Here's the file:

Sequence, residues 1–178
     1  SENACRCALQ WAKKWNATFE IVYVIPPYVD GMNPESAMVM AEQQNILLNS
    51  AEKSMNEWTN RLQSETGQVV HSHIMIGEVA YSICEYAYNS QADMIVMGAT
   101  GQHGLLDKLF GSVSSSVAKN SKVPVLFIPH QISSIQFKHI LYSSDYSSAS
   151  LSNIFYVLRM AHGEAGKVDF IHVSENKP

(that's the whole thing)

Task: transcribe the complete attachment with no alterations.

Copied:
Sequence, residues 1–178
     1  SENACRCALQ WAKKWNATFE IVYVIPPYVD GMNPESAMVM AEQQNILLNS
    51  AEKSMNEWTN RLQSETGQVV HSHIMIGEVA YSICEYAYNS QADMIVMGAT
   101  GQHGLLDKLF GSVSSSVAKN SKVPVLFIPH QISSIQFKHI LYSSDYSSAS
   151  LSNIFYVLRM AHGEAGKVDF IHVSENKP